Women You Should Know

A side step from the wedding stuff for a moment, and a look into some info on women we should know but most likely don’t. It’s International Women’s Day today and a chance to celebrate being a woman, acknowledge how far women and feminism has come, and to research all those women – who should be famous, but because they are women from history, we just don’t know about them. Or enough about them.

Yes, we know Alexander Graham Bell, Albert Einstein, Thomas Edison, Isaac Newton, Charles Darwin, Sigmund Freud and Galileo – and the list goes on. In fact, I just googled ‘100 Scientists to Shape the World’ and there was one woman who I had heard of. ONE! Marie Curie. Well, we need to get to know the other women who did amazing things. This is in no disrespect to the fantastic things the above men did. It isn’t to compete. It isn’t to show women are better. It is to uncover history. It did happen. Men did amazing things, yet so did women. We should know about both.

So, without further ado – and with thanks to the Women’s Rights Page that I follow, let me introduce you:

WOMEN

  • Maris Mitchell was an astronomer in the 19th Century and discovered a comet. I never knew this. The comet was named after her as ‘Miss Mitchell’s Comet.’ I find this interesting that it needed the title ‘Miss’ – anything named after a man doesn’t tend to need the title ‘Mr’, but maybe I’m reading too much into it 😉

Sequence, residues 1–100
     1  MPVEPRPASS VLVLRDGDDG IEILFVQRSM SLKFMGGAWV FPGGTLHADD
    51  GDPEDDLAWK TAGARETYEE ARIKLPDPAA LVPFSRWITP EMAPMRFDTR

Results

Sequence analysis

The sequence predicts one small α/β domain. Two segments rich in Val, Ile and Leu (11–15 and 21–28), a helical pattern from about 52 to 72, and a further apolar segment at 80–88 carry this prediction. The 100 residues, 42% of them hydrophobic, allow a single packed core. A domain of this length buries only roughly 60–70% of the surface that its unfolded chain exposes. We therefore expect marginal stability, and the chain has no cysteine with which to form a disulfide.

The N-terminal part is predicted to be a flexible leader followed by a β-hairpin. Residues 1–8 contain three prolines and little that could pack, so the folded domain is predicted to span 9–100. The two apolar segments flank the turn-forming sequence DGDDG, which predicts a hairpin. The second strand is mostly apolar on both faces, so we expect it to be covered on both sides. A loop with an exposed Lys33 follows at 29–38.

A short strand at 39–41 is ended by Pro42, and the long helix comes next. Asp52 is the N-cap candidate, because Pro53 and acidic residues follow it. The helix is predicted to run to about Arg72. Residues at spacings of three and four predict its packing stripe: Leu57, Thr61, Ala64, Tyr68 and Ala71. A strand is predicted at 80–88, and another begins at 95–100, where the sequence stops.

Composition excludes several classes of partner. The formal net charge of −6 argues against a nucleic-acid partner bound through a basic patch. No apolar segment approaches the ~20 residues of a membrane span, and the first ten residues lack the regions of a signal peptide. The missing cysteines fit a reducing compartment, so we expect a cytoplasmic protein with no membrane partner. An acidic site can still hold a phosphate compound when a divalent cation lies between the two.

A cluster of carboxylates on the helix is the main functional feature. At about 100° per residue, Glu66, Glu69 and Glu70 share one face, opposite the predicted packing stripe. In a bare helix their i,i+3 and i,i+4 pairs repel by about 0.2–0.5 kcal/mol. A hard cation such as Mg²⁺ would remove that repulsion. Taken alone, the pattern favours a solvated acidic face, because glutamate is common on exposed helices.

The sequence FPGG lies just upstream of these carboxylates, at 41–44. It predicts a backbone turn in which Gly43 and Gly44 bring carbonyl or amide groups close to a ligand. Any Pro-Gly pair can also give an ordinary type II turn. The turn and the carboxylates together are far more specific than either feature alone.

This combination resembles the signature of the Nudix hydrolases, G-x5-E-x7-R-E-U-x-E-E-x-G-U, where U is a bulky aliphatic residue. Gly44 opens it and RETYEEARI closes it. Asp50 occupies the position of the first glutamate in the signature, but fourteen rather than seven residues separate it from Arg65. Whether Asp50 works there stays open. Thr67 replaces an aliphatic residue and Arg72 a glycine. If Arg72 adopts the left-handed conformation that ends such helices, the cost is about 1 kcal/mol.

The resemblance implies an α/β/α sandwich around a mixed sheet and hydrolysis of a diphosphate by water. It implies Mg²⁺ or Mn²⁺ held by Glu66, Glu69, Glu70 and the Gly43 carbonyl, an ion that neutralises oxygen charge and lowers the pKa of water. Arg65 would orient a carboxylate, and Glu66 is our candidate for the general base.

• Emmy Noether was an influential mathematician – again in the 19th Century, who was known for her contribution to algebra and theoretical physics. Go her!

  • Jocelyn Bell Burnell was an astrophysicist and discovered the first radio pulsars. I don’t know what these are, but she sounds clever 😉

  • Valentina Tereshkova – still alive today – was the first woman in space, (the fifth Russian cosmonaut)to go into the Earth’s orbit when her spaceship Vostok VI was launched from Moscow.

  • Cecelia Payne-Gaposchkin was a British-American astronomer and astrophysicist, who proposed in her Ph.D. thesis an explanation for the composition of stars in terms of the relative abundances of hydrogen and helium. Wow!

  • Lise Meitner was a physicist who worked on nuclear physics and radioactivity.

  • Caroline Hershel  – an amazing astronomer, who worked alongside her brother Sir William Hershel for both of their careers. High five for also managing a working sibling relationship!

  • Rita Levi-Montalcini: A neurologist  who was a Nobel prizewinning Jewish scientist. She carried out her cell growth research while hiding from the fascists during the second world war.

You see, with my background, I have always been fascinated with women like Jane Austen, The Brontes, George Elliot (Mary Ann Evans) who were trying to write in a male dominated world – writing with pseudonyms in some cases to just get noticed. But, I haven’t considered the Science field before. The above women have all succeeded in Science (arguably an even more male-dominated field).

Their history is there in black and white: we just need to read it and share it 🙂

Happy International Women’s Day!

XSXS

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